Turkey and tofu meatloaf

January 29, 2010

Today the cafeteria here at Tuck served “turkey and tofu meatloaf.”

Men like meatloaf. It’s man-food, like Sloppy Joes, ribs, and fried chicken. However, men don’t like ground turkey or tofu. If you eat stuff like that, other men will make fun of you.

Women, on the other hand, love replacing beef with healthier options like turkey or tofu. (Yes, I’m generalizing.) However, I have yet to meet a woman who ever got excited about eating meatloaf. Maybe it’s the name. Maybe it’s the shape. I don’t know, but it’s just not a very lady-like thing to eat.

You can bet that somewhere in some back kitchen at Tuck, somebody thought, “We’ll make the meatloaf that men want, but we’ll make it healthier like the women want, and everyone will buy it!” Well, let me assure you, no one bought it. When you try to please everyone, you please no one.

Basic marketing 101 teaches us to segment the market, select a segment to target, and then position your offering for that segment. By definition, targeting means selecting not only who you will serve, but just as importantly, who you won’t. It’s easy to find a market to go after. It’s much harder to ignore everyone else. (“We can’t just serve regular meatloaf. We’ll miss out on all the women!”)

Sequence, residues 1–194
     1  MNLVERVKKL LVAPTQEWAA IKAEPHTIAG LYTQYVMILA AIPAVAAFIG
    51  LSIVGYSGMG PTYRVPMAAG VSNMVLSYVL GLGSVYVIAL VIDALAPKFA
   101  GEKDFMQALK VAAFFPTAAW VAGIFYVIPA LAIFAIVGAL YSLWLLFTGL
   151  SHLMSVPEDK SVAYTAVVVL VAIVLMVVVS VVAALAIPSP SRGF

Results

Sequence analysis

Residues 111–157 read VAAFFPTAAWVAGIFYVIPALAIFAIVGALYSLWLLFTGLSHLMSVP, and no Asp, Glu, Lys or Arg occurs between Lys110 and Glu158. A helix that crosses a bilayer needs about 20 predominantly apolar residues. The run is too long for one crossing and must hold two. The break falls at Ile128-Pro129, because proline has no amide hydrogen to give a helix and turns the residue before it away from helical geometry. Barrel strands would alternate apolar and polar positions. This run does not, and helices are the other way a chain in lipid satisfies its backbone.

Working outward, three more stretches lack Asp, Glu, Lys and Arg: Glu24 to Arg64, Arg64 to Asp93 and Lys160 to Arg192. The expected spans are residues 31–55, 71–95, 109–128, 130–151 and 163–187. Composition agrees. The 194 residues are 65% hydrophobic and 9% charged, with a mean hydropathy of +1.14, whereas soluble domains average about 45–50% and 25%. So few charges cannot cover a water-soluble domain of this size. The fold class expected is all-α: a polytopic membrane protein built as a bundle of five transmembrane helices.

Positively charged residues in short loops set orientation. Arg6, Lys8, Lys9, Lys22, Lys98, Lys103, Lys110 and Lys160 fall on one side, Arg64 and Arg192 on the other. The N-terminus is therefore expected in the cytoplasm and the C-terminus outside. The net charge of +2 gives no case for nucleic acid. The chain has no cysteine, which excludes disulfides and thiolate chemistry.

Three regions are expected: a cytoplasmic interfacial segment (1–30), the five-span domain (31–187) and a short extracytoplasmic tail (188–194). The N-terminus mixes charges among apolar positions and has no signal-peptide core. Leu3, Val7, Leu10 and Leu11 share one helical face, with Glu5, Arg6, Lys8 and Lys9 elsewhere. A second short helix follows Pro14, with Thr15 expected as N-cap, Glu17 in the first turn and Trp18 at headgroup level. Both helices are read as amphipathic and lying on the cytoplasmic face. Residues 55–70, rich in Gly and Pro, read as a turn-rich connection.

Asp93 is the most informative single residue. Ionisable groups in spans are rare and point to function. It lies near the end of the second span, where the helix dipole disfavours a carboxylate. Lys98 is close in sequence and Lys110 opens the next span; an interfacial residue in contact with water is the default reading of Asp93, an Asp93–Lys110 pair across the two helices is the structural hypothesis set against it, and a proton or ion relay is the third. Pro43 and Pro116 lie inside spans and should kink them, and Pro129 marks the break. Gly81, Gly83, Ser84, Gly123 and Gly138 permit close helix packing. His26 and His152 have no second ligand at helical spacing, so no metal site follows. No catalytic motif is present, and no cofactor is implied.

Southwest Airlines is my favorite example of a focused, clearly positioned company. Legendary CEO Herb Kelleher said, “I can teach you the secret to running this airline in thirty seconds. This is it: We are THE low-fare airline. Once you understand that fact, you can make any decision about this company’s future as well as I can.”

He went on to provide an example of how this rule works in action:

“Tracy from marketing comes into your office. She says her surveys indicate that the passengers might enjoy a light entrée on the Houston to Las Vegas flight. All we offer is peanuts, and she thinks a nice chicken Caesar salad would be popular. What do you say? You say, ‘Tracy, will adding that chicken Caesar salad make us THE low-fare airline from Houston to Las Vegas? Because if it doesn’t help us become unchallenged low-fare airline, we’re not serving any damn chicken salad.”